1 The rationale for conserving vertical space is to allow for easier horizontal alignment with the vertical timeline component. Because rap lyrics have high density, efforts must be taken to minimize the vertical spacing allotted to each line of text so that we do not need to unnecessarily increase the height normalization factor applied to the vertical timeline, to which the sparklines are horizontally aligned.

    musical note is a discrete pitch that stays constant throughout its duration. MIDI note number is used as the value to the pitch field in the data file, and this value determines the y-displacement (.bottom) of the line graph. The pitch contour maintains consistent height within a given line of text; absolute distance y-displacement should not be compared across different lines of text because the y-scale is normalized to the range (max min) of pitch values for a given line of text. In doing so, we make the most use of the limited number of pixels available vertically to a sparkline. Component 1.2: Harmony Harmony is encoded as the color of the x-axis. The functional (i.e. Roman numeral notation) harmony is used as the value to the chord field in the data file, such that the 1=tonic, 2=supertonic, 3=mediant, 4=subdominant, 5=dominant, 6=submediant, 7=leading tone/ subtonic. For instance in a C Major key, chord=5 would be assigned to a G Major chord (triad or 7th chord of various inversions and modifications), while chord=6 would be assigned to an A minor chord (again, a triad or 7th chord of various inversions and modifications). Chords were encoded based on their functions rather than by the absolute pitch of their root to allow for transpositions. pv.Colors.category10 was used to assign colors to chord types. By using this built in category, we guarantee choice of perceptually easily distinguishable color values. To have a consistent chord-to-color mapping across songs, we can insert the following code in the initial lines of data (which do not actually get rendered, because our rendering functions, do not call on negative letter indices):

    var data = [ {letter:-10, chord:1}, {letter:-9, chord:4}, {letter:-8, chord:6}, {letter:-7, chord:5}, ...];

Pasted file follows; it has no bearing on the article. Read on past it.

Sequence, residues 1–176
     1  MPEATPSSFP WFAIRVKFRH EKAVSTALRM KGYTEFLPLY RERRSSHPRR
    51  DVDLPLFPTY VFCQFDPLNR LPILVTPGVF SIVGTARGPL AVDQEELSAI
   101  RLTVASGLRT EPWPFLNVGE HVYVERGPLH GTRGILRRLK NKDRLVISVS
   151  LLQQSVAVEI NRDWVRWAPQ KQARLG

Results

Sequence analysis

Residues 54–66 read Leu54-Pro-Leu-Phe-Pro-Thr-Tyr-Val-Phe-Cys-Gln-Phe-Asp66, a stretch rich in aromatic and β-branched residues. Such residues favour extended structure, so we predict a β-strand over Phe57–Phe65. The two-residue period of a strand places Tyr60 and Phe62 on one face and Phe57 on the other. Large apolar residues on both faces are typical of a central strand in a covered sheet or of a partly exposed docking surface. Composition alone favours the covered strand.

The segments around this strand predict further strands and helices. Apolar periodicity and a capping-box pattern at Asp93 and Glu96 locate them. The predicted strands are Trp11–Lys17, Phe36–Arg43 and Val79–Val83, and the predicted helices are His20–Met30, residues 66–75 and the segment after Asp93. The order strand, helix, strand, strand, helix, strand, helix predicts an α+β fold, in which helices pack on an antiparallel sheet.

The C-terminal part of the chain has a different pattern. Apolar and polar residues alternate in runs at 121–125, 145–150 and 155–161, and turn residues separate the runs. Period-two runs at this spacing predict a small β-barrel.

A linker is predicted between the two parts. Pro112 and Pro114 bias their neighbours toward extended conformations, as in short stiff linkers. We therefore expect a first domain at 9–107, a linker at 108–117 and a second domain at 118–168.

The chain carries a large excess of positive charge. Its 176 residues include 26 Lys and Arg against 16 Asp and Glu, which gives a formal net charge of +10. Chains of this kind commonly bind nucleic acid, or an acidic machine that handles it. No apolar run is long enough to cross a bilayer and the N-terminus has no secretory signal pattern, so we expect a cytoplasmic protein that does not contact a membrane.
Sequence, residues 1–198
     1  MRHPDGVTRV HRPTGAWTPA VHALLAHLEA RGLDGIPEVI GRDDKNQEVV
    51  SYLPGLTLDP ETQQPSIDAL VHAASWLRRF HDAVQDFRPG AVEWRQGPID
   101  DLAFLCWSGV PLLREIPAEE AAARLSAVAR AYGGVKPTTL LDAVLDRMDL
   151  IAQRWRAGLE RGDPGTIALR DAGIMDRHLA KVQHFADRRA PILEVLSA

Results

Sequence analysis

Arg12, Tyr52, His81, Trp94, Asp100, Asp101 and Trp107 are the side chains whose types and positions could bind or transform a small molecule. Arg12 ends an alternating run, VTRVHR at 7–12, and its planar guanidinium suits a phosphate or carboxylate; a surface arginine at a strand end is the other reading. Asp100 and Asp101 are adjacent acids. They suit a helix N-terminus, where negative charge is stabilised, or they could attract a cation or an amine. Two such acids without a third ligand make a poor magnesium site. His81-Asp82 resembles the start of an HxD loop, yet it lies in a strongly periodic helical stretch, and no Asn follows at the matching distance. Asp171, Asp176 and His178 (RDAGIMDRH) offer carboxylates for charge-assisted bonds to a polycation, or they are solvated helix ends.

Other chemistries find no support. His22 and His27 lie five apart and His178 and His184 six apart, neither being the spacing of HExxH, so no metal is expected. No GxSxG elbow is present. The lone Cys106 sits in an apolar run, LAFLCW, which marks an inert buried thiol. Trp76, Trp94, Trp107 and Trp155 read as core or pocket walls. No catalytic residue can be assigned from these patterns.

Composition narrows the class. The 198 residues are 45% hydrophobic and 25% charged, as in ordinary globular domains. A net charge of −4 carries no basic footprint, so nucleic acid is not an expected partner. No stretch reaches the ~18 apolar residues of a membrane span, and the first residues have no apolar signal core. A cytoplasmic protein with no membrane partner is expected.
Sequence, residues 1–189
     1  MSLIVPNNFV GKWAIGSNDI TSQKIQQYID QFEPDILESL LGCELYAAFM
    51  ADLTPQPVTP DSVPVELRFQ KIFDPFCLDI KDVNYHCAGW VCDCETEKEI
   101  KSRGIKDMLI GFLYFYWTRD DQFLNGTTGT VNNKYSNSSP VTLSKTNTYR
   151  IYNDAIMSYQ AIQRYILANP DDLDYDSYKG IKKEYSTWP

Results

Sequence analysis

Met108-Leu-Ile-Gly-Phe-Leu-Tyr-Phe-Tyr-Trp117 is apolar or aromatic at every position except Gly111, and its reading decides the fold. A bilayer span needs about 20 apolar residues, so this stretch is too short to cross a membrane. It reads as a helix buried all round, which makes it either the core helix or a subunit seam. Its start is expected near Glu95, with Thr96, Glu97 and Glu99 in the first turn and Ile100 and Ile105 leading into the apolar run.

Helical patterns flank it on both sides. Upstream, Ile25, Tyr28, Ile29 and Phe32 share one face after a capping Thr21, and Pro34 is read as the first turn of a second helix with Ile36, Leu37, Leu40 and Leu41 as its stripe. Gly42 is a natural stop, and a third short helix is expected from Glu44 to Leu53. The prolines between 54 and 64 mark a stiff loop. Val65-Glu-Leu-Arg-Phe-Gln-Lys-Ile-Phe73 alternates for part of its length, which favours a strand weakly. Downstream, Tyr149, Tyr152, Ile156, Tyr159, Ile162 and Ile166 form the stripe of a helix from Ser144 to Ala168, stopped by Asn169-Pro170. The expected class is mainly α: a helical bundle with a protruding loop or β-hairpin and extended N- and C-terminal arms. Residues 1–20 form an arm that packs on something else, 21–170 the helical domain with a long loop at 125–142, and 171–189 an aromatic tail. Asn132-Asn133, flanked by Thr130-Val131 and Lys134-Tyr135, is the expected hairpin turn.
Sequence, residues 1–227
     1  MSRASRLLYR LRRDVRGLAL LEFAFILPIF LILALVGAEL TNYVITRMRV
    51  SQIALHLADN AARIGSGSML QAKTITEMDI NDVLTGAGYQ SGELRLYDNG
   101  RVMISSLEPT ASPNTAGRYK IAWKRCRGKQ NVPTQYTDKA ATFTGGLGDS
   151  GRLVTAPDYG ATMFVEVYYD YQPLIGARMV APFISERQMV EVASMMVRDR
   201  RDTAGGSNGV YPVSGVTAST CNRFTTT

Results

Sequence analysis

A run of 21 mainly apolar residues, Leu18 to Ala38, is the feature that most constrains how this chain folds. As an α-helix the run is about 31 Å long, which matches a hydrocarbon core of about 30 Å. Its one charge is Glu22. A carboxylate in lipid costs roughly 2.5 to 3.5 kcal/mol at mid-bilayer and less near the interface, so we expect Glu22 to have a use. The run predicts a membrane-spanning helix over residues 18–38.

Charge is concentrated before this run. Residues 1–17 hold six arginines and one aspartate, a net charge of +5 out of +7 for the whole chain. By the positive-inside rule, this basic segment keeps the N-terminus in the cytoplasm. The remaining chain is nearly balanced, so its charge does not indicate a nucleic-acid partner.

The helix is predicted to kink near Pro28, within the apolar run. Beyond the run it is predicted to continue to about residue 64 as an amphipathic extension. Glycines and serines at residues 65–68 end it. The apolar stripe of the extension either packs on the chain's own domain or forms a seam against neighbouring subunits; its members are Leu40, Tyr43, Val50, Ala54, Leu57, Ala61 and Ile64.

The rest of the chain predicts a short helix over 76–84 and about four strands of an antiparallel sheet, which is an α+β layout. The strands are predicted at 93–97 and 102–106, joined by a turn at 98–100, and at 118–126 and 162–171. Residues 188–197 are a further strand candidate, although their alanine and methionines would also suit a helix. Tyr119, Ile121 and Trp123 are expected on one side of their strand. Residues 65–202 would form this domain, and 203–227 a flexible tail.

Specifically, this code maps the first color (blue) in the pv.Colors.category10 to the tonic chord, the second color (orange) to the subdominant chord, the third color (green) to the subdominant chord, and the fourth color (red) to the dominant chord, regardless of the order in which the chords first appear in the rendered portion of the data. Thus, we are able to make quick and direct comparisons of chord progressions across different songs by comparing color. Component 1.3: Rhythm Rhythm is encoded as the tick marks (pv.Line) along the x-axis. A longer tick-mark denotes the first

  • Figure 6. Component 1: Musical Features

    Consists of a step chart showing the relative melodic pitch contour of the phrase, a colored axis that encodes functional harmonic progression, and ticks marking the

    musical beats. beat of each measure (i.e. downbeat), while a shorter tick-mark denotes all other beats. The pulse field in the data file encodes this metric information. Figure 6 shows an example sparkline that combines all three musical features. In this figure, the melody jumps up then descends slowly, and harmonic chords progress from submediant (vi, Am) to dominant (V, G) to subdominant (IV, F) over two measures of 4/4. The final three beats are rests. Component 2: Linguistic Features A conscious effort was made to avoid any variable size- or spacing- distortions2 in the display of lyrics because, despite the added musical information that our visualization offers, our design priority was in fulfilling the need of the primary use-case: lyrics look-up. Moreover, having a variable number of pixels per character would make it difficult to automatically determine the horizontal axis scaling for rendering the content of the sparklines (see subsection on Alignment below). Also, because color was already used to encode harmony, we retained black as the text color, allowing for a visual separation between the musical sparklines and the lyrics. As a result, simple and tags were used to bold and italicize3 words based on their semantics and phonetics. Specifically, content words (i.e. words with high semantic values) were bolded, and accented syllables were italicized. Other linguistic features, such as rhymes or parts of speech, could have been chosen in place of these linguistic features.